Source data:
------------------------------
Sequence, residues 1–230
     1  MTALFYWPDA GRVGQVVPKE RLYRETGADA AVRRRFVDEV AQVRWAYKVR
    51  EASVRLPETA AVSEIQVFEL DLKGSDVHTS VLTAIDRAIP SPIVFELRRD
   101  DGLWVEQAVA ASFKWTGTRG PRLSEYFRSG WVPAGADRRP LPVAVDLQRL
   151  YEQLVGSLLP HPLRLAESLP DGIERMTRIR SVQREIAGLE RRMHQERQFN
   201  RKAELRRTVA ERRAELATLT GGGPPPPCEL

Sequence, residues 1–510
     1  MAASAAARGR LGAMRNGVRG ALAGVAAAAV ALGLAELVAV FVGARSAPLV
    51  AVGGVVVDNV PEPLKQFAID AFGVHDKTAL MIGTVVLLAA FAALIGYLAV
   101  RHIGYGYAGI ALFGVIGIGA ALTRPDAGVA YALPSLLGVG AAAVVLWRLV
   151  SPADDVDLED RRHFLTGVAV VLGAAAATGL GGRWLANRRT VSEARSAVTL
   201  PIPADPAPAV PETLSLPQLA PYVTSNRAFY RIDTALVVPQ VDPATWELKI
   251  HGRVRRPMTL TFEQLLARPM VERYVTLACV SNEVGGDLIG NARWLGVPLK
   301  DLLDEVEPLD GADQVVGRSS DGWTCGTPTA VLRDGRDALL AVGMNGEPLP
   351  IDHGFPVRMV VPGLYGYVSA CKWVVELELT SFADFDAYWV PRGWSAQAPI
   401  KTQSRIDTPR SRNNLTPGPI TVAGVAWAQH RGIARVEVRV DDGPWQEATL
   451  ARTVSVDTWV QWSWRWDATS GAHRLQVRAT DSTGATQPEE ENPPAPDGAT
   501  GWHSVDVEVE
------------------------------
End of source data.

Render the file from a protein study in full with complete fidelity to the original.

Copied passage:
Sequence, residues 1–230
     1  MTALFYWPDA GRVGQVVPKE RLYRETGADA AVRRRFVDEV AQVRWAYKVR
    51  EASVRLPETA AVSEIQVFEL DLKGSDVHTS VLTAIDRAIP SPIVFELRRD
   101  DGLWVEQAVA ASFKWTGTRG PRLSEYFRSG WVPAGADRRP LPVAVDLQRL
   151  YEQLVGSLLP HPLRLAESLP DGIERMTRIR SVQREIAGLE RRMHQERQFN
   201  RKAELRRTVA ERRAELATLT GGGPPPPCEL

Sequence, residues 1–510
     1  MAASAAARGR LGAMRNGVRG ALAGVAAAAV ALGLAELVAV FVGARSAPLV
    51  AVGGVVVDNV PEPLKQFAID AFGVHDKTAL MIGTVVLLAA FAALIGYLAV
   101  RHIGYGYAGI ALFGVIGIGA ALTRPDAGVA YALPSLLGVG AAAVVLWRLV
   151  SPADDVDLED RRHFLTGVAV VLGAAAATGL GGRWLANRRT VSEARSAVTL
   201  PIPADPAPAV PETLSLPQLA PYVTSNRAFY RIDTALVVPQ VDPATWELKI
   251  HGRVRRPMTL TFEQLLARPM VERYVTLACV SNEVGGDLIG NARWLGVPLK
   301  DLLDEVEPLD GADQVVGRSS DGWTCGTPTA VLRDGRDALL AVGMNGEPLP
   351  IDHGFPVRMV VPGLYGYVSA CKWVVELELT SFADFDAYWV PRGWSAQAPI
   401  KTQSRIDTPR SRNNLTPGPI TVAGVAWAQH RGIARVEVRV DDGPWQEATL
   451  ARTVSVDTWV QWSWRWDATS GAHRLQVRAT DSTGATQPEE ENPPAPDGAT
   501  GWHSVDVEVE